Consumer Safety Information
Consumers are faced with a constant barrage of new drugs, devices, and treatments. It can be difficult to keep up with medical advancements and how they make an impact on daily life. To add to this whirlwind of information, the U.S. Food and Drug Administration (FDA) actively continues to review products and develop laws and regulations.
Drug Manufacturers and the FDA
Before any drug or medical product can hit the U.S. market, it must receive approval from the FDA. There are several ways a product can be approved. Typically, a product requires clinical testing and a review process to confirm that the product meets the need intended by the manufacturer without causing significant harm in the process. A standard FDA review takes roughly ten months.
Other forms of FDA approval are intact for particular products, such as those that accomplish an unmet need. Programs such as the FDA Fast Track, Accelerated Approval, and Priority Review may apply to these products so that they can be released onto the market more quickly. The 510(k) Premarket Notification process allows a drug or device to be approved if the manufacturer can prove substantial similarity to an existing drug or product.
In 1992, the FDA enacted the Prescription User Drug Fee Act (PDUFA). Under PDUFA, the FDA collects fees from drug companies that file new drug applications. These fees help to fund the resources required to approve new drugs and medical devices. However, many feel that this act puts the FDA inside the pockets of the U.S. drug industry and creates a conflict of interest.
Staying Informed and Protected
Before taking a drug or receiving a medical treatment, patients should be prepared to ask questions to ensure that they fully understand the process and the potential side effects. In many cases, patients who become injured feel that they were not adequately informed of the possibility of harm prior to beginning the treatment.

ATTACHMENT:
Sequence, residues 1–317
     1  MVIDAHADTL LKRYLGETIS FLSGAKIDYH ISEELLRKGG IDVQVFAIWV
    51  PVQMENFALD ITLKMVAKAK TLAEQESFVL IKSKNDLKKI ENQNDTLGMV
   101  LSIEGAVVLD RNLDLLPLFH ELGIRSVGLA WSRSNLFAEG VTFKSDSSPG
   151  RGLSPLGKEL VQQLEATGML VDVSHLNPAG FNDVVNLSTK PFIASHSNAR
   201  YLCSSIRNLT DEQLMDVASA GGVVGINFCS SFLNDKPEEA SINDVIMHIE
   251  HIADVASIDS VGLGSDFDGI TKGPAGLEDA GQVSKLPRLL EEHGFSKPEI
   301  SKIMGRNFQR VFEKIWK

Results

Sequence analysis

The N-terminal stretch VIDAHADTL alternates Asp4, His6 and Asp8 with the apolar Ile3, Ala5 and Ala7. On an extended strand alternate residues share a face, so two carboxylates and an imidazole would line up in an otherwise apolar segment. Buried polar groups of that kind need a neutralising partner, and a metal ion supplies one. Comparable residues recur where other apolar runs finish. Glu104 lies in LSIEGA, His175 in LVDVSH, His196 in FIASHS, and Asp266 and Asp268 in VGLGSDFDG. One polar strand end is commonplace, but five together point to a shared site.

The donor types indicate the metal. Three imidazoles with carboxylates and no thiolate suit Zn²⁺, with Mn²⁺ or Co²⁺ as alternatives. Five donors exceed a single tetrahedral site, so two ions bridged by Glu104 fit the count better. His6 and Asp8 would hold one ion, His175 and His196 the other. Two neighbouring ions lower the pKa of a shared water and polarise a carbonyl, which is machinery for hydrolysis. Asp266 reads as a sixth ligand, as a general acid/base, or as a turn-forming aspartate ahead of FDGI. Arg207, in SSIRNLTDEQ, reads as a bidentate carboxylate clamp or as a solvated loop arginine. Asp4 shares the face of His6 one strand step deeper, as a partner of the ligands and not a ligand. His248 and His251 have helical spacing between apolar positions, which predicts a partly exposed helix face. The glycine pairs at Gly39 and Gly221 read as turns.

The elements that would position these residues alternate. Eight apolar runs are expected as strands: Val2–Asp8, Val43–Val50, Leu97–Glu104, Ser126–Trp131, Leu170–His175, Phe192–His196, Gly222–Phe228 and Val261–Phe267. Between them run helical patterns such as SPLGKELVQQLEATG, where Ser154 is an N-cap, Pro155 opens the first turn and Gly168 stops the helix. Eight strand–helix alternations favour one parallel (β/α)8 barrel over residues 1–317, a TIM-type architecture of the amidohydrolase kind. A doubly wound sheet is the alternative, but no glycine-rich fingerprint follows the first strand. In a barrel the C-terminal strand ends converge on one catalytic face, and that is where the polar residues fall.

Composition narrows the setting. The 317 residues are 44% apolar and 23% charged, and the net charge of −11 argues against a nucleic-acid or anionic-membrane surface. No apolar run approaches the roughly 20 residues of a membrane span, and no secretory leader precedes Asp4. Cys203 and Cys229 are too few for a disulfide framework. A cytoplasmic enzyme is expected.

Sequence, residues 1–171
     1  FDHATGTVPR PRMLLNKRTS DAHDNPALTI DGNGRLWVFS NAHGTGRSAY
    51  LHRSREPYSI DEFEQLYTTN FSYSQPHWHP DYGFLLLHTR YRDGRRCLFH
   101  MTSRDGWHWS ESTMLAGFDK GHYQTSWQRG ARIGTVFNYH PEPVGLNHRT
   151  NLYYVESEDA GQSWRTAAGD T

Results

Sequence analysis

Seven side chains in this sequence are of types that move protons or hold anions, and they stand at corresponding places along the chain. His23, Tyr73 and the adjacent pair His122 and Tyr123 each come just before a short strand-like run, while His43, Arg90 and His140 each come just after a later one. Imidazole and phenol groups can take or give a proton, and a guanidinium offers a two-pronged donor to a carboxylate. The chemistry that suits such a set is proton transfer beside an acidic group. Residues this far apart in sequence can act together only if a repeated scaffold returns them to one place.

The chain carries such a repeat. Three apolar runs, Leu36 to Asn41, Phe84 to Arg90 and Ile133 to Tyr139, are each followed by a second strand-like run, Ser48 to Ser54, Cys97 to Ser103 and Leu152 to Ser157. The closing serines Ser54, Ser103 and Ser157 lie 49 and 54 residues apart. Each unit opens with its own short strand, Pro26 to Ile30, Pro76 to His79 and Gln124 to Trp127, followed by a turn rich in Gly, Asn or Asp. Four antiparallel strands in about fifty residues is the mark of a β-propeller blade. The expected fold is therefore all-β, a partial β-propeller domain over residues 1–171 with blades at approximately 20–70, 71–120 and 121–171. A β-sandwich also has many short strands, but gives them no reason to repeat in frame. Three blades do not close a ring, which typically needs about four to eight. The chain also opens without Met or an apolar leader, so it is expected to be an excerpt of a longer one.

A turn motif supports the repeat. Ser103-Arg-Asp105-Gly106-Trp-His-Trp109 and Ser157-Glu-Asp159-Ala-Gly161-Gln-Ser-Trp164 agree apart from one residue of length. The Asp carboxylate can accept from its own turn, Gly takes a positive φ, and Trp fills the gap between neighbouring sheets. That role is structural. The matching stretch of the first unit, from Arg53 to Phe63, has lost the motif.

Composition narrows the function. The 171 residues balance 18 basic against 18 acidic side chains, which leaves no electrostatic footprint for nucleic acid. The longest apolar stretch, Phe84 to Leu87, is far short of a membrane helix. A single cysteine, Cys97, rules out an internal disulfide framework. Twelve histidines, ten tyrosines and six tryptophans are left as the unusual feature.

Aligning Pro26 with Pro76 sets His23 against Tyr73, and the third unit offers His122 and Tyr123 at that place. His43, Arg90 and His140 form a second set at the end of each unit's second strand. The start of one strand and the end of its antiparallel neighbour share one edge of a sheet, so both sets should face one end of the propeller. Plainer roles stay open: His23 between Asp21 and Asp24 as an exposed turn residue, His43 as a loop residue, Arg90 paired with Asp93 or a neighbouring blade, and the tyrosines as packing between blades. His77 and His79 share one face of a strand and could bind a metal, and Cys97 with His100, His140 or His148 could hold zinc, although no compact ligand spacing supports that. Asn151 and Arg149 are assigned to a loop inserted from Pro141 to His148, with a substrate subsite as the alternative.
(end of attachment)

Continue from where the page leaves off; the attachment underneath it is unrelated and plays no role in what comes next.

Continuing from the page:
Patients should ask the following questions: What side effects may occur? What are the associated risks, and do they outweigh the benefits? Will this medication interact with other medications? Can any pre-existing medical conditions cause complications?
Additional Consumer Product Lawsuits
The Consumer Bill of Rights
Consumers should be aware of the basic rights they are entitled to when making purchasing decisions in the United States. In March 1962, President John F. Kennedy gave a speech to the U.S. Congress. During this speech, he discussed four basic rights of the consumer. This became known as The Consumer Bill of Rights. Later, the four tenants were expanded to eight through the United Nations Guidelines for Consumer Protection.
The Right to Safety
This right states that consumers should never be harmed by products if the products are used as recommended. In 1972, the Consumer Product Safety Commission (CPSC) further formalized this right. The CPSC has jurisdiction and powers allowing it to establish standards of performance and require warning labels and product testing.
The Right to Be Informed
Under this right, businesses are obligated to provide consumers with adequate information to make informed and intelligent product choices. Businesses should always be truthful and complete when providing product information. This right pertains to areas of advertising, financing, labeling, and packaging of products.
The Right to Choose
Consumers should have several options by different companies before they make a purchasing decision. To ensure this right, the federal government takes several steps to ensure a healthy environment that is open to competition. This is achieved by legislation that limits concept ownership, prevents monopolistic practices, and outlaws gouging and price cutting.
The Right to Be Heard
Consumers should be able to voice product concerns and complaints so that issues can be handled in an efficient and responsive manner. State and federal Attorney Generals can help aid consumers who have been victims of law violation by a business. The Better Business Bureau is intact to lobby and inspire action on behalf of consumers.
General Consumer Safety Information